According to Clarksons Research the number of vessels either fitted or with scrubbers on order has reached 1,262 vessels, some 3.9% of the fleet existing fleet in tonnage terms, and 27.3% of the newbuilding orderbook. This compares to 983 vessels as reported by Exhaust Gas Cleaning System Association at the end of May this year.
There has been particularly strong uptake in the ro-ro freight and VLCC sectors with newbuildings ordered with scrubbers accounting for 73% and 59% of the orderbook respectively. By fitting scrubbers owners will be able to continue using cheaper high sulphur heavy fuel oil rather than switching to more expensive 0.5% or less low sulphur fuels from 1 January 2020.
A strong proponent of fitting scrubbers has been tanker owner Navig8 Asia, and speaking at Marine Money Asia on Tuesday, managing director Andrew Hoare, and he said not only could they say scrubbers worked they exceed performance from their perspective so far. “We recognised that the IMO sulphur regulations are the most disruptive event our industry for over 20 years You can see clearly to date the price differentials and there are going to be opportunities, but there will also be a huge number of disruptions around the supply chain,” he stated.
However, despite positive experience if owners such as Navig8 Asia and the surge in scrubber orders, challenges remain around the option of choosing exhaust gas cleaning to comply with the 0.5% sulphur cap from 1 January 2020 not least the availability in terms of manufacturing of the equipment and shipyard capacity for installation.
“Even if all decide to go for scrubbers it’s impossible,” Sadan Kaptanoglu, president designate of Bimco and director of HI Kaptanoglu Shipping told the conference.
Scrubbers also come with their own operational challenges, even if the business economics make sense in terms of potential cost savings on fuel post 2020 on the price spread between high sulphur fuel oil and low sulphur for some vessels.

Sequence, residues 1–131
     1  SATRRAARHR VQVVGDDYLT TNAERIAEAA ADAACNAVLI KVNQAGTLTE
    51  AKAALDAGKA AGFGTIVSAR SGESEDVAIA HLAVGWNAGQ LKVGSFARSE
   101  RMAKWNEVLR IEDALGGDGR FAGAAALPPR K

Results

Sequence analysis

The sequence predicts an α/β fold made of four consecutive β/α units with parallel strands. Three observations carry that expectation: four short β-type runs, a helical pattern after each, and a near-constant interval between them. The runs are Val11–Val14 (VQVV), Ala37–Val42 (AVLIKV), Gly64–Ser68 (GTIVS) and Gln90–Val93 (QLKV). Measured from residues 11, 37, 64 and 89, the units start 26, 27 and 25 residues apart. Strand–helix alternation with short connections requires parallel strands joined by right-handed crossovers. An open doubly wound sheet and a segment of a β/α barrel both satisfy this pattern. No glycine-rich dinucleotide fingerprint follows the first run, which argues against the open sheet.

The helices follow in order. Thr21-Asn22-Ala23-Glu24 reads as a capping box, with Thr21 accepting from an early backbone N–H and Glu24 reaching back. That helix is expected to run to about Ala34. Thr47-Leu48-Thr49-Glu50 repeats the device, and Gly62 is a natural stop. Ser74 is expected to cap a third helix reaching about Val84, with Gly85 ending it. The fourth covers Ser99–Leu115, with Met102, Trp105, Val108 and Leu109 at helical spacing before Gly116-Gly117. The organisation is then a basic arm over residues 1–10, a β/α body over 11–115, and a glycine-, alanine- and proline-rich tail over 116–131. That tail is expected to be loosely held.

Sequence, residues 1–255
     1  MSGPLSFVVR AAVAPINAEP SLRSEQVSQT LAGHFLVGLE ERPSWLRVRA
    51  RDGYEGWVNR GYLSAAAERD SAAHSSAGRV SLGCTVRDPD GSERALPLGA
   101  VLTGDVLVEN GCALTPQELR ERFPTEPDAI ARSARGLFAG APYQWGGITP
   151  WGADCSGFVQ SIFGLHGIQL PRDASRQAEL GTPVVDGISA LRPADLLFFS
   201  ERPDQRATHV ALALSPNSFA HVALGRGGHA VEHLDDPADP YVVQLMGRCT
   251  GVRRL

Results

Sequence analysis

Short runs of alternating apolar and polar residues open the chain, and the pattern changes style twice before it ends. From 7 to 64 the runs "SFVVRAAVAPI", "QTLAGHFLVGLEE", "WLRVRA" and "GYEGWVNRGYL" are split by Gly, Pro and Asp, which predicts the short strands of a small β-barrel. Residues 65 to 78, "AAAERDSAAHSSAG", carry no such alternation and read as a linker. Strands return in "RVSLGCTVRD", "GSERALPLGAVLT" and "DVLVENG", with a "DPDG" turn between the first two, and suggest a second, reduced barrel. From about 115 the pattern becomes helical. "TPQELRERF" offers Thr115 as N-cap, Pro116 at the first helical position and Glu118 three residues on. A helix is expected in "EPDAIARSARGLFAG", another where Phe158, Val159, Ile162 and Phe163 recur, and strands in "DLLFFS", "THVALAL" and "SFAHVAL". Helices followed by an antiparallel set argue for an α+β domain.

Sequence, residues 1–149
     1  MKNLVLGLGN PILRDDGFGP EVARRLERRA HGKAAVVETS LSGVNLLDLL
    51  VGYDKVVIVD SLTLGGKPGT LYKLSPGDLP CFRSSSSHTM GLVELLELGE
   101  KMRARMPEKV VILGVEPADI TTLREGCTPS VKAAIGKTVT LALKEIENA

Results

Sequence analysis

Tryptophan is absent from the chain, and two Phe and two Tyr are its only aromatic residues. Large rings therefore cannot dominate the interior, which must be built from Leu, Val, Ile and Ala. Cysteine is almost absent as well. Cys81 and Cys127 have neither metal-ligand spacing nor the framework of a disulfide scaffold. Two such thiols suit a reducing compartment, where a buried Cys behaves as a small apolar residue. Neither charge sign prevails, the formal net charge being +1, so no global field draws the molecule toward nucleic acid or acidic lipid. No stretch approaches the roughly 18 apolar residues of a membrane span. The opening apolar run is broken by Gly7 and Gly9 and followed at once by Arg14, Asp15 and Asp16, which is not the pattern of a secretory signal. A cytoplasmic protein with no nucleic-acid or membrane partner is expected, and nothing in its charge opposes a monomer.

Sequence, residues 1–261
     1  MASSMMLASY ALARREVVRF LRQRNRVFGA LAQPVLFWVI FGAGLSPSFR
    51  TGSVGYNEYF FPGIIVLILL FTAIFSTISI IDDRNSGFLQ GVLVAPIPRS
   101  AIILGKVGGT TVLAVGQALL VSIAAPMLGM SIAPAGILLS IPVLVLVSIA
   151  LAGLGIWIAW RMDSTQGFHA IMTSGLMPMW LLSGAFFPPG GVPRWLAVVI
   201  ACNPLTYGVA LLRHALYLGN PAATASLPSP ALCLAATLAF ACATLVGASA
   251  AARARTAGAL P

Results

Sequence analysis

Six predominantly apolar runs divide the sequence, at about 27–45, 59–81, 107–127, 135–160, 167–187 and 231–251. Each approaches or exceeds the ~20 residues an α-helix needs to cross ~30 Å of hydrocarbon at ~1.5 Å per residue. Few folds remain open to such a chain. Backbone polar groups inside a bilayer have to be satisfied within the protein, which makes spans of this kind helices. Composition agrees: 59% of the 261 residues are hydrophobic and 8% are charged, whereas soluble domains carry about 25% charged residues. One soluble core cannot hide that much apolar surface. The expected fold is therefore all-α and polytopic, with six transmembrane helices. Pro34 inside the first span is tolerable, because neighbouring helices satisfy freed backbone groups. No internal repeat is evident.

Leading shipowner, Andreas Sohmen-Pao, chairman of BW Group said: “On scrubbers specifically its horses for courses. It depends on what size of ship you have, what the payback is, what assumptions you have on the long term price differential, whether you have capital to invest, and a whole host of factors. So I don’t believe there is a single right or wrong answer.”
Nicolas Parrot, head of transportation sector – investment banking APAC for BNP Paribas noted that it was very easy to look at a spreadsheet and make a decision, but there was also the factor of operations on the ship. This was echoed by Tim Wilkins, regional manager Asia – Pacific and environment director, for Intertanko who said that what their members had been having was a commercial versus technical discussion.
On the operational side Mario Moretti, senior director – marine & energy for RINA, highlighted that it was a “highly corrosive environment” and was not an easy solution.
Ang Chin Eng, secretary general of the Asian Shipowners’ Association commented, “At the end of the day its business decision whether to invest in scrubbers, low sulphur fuel or LNG.”
Parrot from BNP Paribas said for scrubber retrofits financing was a real challenge as it really possible to have a mortgage on a scrubber so innovative financing methods were required.